Peruvian Witches

Date: 1615
Owner: Royal Library of Denmark, Copenhagen
Source Type: Images


This c. 1613 drawing by Felipe Guaman Poma shows Catholic Peruvian blacks, a man and a woman, praying to the Virgin Mary. Female worship, however, became highly controversial in seventeenth century Peru, where many women of all races, including the scandalous "veiled women" (or tapadas), hybridized diverse elements of Christian, Andean, and African religion into new and unique forms. Their practices were usually condemned as witchcraft by colonial officials and many of the most prominent women (usually non-whites) were tried and convicted. The most disturbing aspects of these practices for officials and Inquisitors was their "Indianness;" they invoked Andean gods directly (often combined with Christian relics and prayers) and called upon the disposed and deceased Incan king in many of their rites. Such nativism threatened the colonial order that the viceroyalty sought to enforce.

These purported "witches" were also specialized healers and herbalists who combined the traditions of America, Africa, and Europe. Much of the notoriety they received was related to what were perhaps their two most (in)famous substances: love potions and coca. Coca has long been a key element to Andean divining and healing rituals, yet its use by these notorious women changed its image into that of a diabolic narcotic, one that was decidedly Indian and thus dangerous. The fact that coca was often used in rituals meant to invoke the Inca king underscored how these deviant women unnerved colonial leaders. The association of coca and other indigenous herbs with witchcraft and "Indianness" proved to have a lasting legacy, one that encouraged the censure and denigration of Indian healing practices for centuries to come.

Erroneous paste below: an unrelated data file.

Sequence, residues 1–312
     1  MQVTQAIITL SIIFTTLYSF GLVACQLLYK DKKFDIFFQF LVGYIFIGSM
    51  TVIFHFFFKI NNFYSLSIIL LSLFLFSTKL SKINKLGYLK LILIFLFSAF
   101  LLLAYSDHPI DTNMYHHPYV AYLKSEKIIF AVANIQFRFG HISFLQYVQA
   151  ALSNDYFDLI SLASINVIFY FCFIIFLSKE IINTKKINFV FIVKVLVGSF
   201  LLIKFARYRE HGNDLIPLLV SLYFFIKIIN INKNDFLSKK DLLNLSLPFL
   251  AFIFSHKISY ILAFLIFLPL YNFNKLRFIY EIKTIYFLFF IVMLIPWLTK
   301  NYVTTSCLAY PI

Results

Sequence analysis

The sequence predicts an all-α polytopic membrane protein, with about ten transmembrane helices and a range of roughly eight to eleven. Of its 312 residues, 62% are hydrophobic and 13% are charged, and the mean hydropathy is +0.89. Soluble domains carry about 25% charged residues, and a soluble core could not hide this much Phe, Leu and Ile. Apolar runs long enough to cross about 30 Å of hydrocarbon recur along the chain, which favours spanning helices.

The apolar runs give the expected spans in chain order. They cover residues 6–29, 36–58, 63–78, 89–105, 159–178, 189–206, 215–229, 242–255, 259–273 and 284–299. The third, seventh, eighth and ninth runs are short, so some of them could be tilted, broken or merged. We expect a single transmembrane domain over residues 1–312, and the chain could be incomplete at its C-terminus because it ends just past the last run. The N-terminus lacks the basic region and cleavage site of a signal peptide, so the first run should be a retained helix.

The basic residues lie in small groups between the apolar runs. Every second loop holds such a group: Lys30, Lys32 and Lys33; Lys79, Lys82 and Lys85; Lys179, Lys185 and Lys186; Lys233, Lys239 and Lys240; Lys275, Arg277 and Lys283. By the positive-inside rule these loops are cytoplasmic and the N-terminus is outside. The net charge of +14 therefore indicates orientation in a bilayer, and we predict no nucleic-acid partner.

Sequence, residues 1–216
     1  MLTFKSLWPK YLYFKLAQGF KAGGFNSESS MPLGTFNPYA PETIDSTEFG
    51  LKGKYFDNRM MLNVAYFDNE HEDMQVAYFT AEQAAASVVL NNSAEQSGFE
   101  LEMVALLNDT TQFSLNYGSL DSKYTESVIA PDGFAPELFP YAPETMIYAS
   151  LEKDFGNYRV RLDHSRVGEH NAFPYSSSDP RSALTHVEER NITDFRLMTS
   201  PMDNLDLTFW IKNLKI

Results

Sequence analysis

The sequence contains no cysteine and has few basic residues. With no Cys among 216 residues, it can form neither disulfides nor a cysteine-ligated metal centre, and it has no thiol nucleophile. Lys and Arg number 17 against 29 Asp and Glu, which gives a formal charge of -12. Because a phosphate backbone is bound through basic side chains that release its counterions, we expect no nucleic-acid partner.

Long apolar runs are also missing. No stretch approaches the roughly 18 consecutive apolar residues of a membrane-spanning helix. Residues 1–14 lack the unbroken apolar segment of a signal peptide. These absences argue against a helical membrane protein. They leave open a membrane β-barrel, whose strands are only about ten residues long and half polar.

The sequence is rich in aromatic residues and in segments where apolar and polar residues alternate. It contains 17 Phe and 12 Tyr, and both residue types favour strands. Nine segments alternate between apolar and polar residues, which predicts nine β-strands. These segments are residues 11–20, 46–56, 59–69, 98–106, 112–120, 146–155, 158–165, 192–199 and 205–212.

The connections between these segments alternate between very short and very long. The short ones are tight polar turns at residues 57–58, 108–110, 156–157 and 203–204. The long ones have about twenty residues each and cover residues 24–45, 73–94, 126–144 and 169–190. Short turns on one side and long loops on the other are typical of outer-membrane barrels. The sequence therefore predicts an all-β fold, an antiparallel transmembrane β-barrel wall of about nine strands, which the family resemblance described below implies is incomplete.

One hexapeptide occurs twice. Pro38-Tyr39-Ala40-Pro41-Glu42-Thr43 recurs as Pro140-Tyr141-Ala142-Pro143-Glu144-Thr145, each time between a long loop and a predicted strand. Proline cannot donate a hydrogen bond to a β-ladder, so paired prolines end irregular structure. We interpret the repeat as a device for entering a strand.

Reference: Silverblatt, Irene. Modern Inquisitions: Peru and the Colonial Origins of the Civilized World. Durham: Duke University Press, 2004.
CITATION: Drawing 275. Devout black Christians from the stock of unacculturated black slaves from Africa ("Guinea") say the rosary before an image of the Virgin Mary. In Guaman Poma, Felipe. Nueva Coronica y Buen Gobierno. 1615. Courtesy of the Royal Library of Denmark.